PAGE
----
As a bit of background to the review of this album, I was given the music but due to an “administrative error” I listened to these albums and wrote the reviews before reading the press pack properly. (Editor’s note – he means he deleted the email I sent him!!) This meant I was able to review these records without any preconceived ideas about these particular records – all I had were the band name, song titles and a picture of the sleeve.
Prog rock always conjures thoughts of bearded men wearing capes or kimonos, big banks of keyboards, flutes, hammond organs, tubular bells, spoken word sections and mandolins. Not forgetting of course to mention dodgy concepts, clever time signatures and exceedingly long songs. Basically all the overblown terrible parts of mid 70s arty rock. I have to say that generally, I love it. Like pretty much every music fan starts liking something played to them by friends, parents, older siblings or the radio, my first delve into music came via Top Of The Pops and the radio. I liked a lot of the music of my early teens (and still do) but I always wanted some more adventure in the arrangements – “why do The Police always seem to have guitar solos that fade out? I want more of the solo”. This was until I discovered Marillion and “boom” some would say it’s all downhill from there to bands like Genesis, Pink Floyd, Dream Theater and my favourite band, Rush who were certainly guilty of many of the crimes listed at the start of this paragraph.
Moving on to the new album from D’Accord - their “cleverly” titled 3rd album “D’Accord III”. The album opens with “These Last Todays” weighing in at a prog-tastic 10 minutes and 26 seconds. Plenty of different sections and you get the feel the band also love their prog. There are shades of Genesis, Yes and Pink Floyd – plenty of organ and slow moody solos. I liked nice little jazzy closing coda tops things off.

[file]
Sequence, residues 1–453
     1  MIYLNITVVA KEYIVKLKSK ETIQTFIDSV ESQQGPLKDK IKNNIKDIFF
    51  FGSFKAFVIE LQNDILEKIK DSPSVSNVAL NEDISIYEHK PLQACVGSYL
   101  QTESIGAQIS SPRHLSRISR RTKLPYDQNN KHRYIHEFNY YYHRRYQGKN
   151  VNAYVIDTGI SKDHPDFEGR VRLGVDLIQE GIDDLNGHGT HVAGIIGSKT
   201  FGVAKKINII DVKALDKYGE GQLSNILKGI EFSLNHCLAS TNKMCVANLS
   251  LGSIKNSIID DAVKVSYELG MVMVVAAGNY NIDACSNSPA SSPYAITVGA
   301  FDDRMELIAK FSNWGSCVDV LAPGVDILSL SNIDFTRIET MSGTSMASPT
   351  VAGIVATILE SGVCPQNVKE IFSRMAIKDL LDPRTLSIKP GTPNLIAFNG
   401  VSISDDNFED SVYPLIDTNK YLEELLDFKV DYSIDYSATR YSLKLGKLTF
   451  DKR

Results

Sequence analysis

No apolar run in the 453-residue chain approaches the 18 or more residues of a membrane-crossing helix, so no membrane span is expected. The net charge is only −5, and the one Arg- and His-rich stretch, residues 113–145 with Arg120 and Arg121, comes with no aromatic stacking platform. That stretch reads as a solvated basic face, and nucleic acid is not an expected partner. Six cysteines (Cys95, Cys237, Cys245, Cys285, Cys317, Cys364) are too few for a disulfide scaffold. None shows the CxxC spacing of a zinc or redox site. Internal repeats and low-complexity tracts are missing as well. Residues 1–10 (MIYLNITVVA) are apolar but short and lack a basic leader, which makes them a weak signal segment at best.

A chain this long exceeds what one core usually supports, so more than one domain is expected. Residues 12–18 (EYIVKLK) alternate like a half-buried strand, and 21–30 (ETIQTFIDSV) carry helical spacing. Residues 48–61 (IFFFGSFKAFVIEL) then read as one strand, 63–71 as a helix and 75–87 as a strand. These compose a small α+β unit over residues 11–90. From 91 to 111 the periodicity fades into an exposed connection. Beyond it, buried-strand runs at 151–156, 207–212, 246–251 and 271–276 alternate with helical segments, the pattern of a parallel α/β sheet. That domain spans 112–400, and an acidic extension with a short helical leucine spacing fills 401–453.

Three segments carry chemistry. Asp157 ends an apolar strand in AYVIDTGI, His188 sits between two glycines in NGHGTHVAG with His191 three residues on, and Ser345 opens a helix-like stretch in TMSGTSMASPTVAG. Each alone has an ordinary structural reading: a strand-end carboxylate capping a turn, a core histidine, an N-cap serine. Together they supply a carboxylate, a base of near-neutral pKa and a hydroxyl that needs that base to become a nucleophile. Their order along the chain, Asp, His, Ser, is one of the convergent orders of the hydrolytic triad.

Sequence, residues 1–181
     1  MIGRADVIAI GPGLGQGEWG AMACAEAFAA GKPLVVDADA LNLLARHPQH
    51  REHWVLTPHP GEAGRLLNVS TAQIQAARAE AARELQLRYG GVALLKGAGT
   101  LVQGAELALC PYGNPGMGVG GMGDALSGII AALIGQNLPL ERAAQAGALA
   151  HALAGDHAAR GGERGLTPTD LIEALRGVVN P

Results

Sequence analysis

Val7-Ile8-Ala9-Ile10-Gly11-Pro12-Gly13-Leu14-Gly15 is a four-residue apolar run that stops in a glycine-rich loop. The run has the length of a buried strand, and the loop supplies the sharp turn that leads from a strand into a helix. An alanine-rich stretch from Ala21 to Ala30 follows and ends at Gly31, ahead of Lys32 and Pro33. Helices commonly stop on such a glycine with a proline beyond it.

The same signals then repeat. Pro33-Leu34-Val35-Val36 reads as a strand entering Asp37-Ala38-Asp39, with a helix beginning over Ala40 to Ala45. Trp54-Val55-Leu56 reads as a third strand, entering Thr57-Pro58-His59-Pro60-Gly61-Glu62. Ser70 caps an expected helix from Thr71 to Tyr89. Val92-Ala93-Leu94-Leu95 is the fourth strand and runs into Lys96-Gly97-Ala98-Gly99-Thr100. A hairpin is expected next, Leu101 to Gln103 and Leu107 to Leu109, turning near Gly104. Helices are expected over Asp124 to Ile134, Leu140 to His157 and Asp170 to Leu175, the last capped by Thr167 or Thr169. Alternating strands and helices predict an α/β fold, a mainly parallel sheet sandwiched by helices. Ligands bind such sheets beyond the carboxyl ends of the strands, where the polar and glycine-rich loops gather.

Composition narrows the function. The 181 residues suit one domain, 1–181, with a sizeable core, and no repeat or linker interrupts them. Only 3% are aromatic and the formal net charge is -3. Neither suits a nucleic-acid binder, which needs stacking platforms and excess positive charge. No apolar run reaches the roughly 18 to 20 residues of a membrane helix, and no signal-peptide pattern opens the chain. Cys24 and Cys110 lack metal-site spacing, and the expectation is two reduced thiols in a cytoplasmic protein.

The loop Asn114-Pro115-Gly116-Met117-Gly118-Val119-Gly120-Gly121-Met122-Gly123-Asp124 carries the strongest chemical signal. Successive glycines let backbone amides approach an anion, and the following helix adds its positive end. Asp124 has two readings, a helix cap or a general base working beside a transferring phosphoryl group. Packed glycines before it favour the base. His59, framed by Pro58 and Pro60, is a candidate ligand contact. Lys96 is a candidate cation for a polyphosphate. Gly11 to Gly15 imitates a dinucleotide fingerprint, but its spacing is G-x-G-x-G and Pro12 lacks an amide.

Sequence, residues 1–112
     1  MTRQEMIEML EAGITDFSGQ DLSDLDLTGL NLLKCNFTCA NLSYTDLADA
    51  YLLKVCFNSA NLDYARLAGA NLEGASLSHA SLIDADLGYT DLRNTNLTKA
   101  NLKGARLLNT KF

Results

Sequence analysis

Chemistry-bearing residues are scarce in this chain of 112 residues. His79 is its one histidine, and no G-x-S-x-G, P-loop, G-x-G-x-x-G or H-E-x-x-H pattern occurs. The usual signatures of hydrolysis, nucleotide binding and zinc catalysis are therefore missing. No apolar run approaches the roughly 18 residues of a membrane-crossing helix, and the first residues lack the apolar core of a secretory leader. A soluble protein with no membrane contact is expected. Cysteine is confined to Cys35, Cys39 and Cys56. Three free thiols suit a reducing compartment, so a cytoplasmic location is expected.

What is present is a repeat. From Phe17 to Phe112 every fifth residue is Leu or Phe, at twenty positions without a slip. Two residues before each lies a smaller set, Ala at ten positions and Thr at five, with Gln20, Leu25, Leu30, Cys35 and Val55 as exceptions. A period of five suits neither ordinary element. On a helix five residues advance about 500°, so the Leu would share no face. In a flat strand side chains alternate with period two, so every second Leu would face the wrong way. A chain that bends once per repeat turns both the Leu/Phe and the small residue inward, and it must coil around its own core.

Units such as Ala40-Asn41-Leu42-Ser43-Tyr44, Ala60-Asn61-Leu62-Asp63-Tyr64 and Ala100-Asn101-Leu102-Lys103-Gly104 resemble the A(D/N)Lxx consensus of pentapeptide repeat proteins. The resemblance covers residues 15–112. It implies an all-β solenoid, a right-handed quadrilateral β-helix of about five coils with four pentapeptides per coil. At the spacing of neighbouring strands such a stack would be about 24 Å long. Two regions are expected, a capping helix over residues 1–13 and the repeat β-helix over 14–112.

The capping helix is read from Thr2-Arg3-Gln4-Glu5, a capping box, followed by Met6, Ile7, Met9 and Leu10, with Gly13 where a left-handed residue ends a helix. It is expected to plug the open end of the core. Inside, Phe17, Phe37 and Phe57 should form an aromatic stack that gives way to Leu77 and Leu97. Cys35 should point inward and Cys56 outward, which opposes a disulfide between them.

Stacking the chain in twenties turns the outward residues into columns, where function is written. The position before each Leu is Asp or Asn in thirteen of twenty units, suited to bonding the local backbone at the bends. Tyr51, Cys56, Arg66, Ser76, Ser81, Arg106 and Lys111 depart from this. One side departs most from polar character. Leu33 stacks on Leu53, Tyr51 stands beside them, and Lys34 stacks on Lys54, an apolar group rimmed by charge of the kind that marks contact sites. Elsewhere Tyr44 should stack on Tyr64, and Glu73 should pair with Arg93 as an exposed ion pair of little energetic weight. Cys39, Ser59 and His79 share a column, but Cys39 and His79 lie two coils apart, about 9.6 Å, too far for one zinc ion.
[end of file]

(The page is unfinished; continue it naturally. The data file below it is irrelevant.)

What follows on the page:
Next up is “Here Lies Greed” – it opens with a flute - checking off another of the prog clichés. The song has a decent little circular riff before the drums almost take over as the lead instrument and then back comes the flute! It shouldn’t but somehow it works. Curse them I was determined not to like this because of the flute and yet somehow I do. The track closes with someone laughing – a nod to Dark Side of the Moon, perhaps?
Acoustic guitars feature in the intro to “Lady Fabulous” but there rest of the song seems to pass you by with loud vocals and generally not much happening. “Mr Moonlight” seems to follow a similar pattern of circular riffs to “Here Lies Greed” although a nice touch is the odd bit of falsetto backing vocals, however you get the impression that despite the cleverness of the arrangements, D’Accord have forgotten about the most important bit – a melody and hook that the listener will remember.